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Source: HM Revenue & Customs | | 19/11/2019

Any Christmas bonuses / gifts paid in cash to employees, by employers, are almost invariably taxable as earnings. This view has been upheld by the courts on many occasions and can mean that a gift from a well-intentioned employer is worth less than the giver or the recipient initially expected.

If you are an employer and looking to give a Christmas bonus to your employees, then your best option is probably to give them a gift. To ensure that this is not a taxable gift, it is important to confirm that the trivial benefits in kind (BiK) rules apply.

The tax exemption applies to trivial BiKs where the BiK:

  • is not cash or a cash-voucher; and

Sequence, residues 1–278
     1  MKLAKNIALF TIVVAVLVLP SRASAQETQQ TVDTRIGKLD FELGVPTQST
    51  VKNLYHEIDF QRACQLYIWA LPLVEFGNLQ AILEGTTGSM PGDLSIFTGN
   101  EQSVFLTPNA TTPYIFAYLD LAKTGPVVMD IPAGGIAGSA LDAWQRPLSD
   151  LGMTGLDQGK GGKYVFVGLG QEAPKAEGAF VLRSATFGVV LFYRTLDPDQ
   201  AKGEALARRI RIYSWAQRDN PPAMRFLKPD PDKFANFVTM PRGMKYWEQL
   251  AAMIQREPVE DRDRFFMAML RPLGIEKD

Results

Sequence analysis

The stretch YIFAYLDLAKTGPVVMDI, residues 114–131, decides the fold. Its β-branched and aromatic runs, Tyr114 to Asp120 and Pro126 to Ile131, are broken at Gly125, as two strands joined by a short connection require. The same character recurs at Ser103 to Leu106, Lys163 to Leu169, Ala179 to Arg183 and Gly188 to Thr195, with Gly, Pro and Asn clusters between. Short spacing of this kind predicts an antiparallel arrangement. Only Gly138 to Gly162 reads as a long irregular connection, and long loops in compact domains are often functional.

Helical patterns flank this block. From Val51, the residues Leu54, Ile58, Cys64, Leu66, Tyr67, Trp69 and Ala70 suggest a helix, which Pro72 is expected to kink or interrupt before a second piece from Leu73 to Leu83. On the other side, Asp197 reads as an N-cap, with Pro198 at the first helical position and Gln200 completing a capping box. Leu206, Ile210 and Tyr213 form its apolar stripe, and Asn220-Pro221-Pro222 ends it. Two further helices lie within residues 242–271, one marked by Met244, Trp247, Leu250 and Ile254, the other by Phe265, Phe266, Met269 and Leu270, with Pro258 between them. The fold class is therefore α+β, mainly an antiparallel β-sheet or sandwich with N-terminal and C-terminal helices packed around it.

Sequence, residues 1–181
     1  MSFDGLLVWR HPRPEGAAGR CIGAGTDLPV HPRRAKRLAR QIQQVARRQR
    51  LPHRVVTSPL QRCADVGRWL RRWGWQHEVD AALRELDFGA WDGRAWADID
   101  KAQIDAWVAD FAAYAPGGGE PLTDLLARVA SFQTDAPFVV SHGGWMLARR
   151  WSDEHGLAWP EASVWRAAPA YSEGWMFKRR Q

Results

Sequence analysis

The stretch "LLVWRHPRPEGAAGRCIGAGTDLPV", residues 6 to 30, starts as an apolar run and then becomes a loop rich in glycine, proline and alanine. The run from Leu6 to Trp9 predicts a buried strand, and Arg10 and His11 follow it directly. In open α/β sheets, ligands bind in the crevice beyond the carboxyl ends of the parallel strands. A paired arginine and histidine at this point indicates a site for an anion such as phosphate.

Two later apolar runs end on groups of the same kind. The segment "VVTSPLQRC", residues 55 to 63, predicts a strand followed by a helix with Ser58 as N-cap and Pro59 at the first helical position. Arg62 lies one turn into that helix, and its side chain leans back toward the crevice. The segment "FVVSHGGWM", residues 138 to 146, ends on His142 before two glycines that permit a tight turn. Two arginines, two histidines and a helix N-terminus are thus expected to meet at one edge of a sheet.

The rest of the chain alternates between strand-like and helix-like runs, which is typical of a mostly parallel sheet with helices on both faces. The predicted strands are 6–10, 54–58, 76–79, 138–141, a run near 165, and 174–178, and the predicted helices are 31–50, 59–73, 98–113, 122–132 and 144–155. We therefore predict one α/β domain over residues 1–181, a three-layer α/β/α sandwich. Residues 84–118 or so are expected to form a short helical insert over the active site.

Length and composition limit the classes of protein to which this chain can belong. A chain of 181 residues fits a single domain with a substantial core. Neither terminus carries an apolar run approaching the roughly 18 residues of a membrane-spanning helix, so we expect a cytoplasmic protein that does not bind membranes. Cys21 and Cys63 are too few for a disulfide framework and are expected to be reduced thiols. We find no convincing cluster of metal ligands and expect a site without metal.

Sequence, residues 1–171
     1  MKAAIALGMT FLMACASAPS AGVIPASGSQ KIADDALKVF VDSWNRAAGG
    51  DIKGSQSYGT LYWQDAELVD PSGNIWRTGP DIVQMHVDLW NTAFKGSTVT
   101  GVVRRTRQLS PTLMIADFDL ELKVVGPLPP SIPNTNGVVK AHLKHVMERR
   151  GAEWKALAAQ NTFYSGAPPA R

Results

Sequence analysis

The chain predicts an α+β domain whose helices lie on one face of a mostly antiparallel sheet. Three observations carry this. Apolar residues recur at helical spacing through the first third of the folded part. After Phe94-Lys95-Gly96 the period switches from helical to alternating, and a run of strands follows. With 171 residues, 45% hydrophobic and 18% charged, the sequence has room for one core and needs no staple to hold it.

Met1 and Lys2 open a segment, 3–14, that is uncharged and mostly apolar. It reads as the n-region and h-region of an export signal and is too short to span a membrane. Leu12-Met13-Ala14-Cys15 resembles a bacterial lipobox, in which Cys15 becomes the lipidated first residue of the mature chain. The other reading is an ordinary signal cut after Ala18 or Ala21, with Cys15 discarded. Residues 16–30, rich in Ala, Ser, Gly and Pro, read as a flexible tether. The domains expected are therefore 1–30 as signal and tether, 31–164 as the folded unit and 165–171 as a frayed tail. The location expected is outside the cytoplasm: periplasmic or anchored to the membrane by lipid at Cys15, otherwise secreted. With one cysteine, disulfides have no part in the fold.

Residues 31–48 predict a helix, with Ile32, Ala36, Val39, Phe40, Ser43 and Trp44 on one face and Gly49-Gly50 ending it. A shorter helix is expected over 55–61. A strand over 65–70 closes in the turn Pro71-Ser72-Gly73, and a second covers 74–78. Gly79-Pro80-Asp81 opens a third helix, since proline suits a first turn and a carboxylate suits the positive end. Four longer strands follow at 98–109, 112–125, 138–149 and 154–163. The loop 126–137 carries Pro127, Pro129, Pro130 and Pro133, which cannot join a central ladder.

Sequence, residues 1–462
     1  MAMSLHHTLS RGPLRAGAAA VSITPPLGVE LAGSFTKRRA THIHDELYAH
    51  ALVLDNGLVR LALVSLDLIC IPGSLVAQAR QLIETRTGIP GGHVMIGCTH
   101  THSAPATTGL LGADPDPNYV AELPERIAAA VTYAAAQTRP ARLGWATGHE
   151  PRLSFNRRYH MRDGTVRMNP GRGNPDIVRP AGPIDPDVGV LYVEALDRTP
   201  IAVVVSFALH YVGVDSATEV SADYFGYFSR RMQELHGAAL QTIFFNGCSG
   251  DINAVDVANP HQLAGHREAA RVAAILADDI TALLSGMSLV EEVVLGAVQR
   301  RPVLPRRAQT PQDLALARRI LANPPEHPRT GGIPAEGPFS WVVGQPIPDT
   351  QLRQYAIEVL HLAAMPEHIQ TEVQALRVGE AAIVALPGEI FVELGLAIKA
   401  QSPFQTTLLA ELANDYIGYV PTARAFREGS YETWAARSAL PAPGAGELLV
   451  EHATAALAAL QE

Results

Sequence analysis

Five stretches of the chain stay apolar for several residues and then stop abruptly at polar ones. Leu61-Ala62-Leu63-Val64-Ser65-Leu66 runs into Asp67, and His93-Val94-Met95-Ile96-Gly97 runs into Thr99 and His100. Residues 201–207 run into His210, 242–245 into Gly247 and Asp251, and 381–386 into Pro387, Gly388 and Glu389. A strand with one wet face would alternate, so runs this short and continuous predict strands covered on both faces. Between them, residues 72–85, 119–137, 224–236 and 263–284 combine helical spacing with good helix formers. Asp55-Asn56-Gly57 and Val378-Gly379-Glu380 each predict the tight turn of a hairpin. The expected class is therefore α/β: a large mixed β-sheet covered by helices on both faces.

• costs £50 or less; and
  • is not provided as part of a salary sacrifice or other contractual arrangement; and
  • is not provided in recognition of services performed by the employee as part of their employment, or in anticipation of such services.

For example, a turkey that cost £45 would qualify as would a £15 bottle of wine. It is also possible to provide employees with a gift voucher (not a cash-voucher) if the value is £50 or less. It is important to remember that the gifts must not be provided in recognition of the employees’ services but merely as a gesture of goodwill at Christmas.

There is an annual cap of £300 for directors or other office-holders of close companies and to members of their families or households. The £300 cap does not apply to normal employees.

There is no longer a requirement for employers to report these benefits on P11Ds or PAYE Settlement Agreements. However, if the Christmas gifts have a value of over £50 or cannot be counted as a trivial benefit, then the gift must be reported on form P11D and employer Class 1A NICs will be payable.

 

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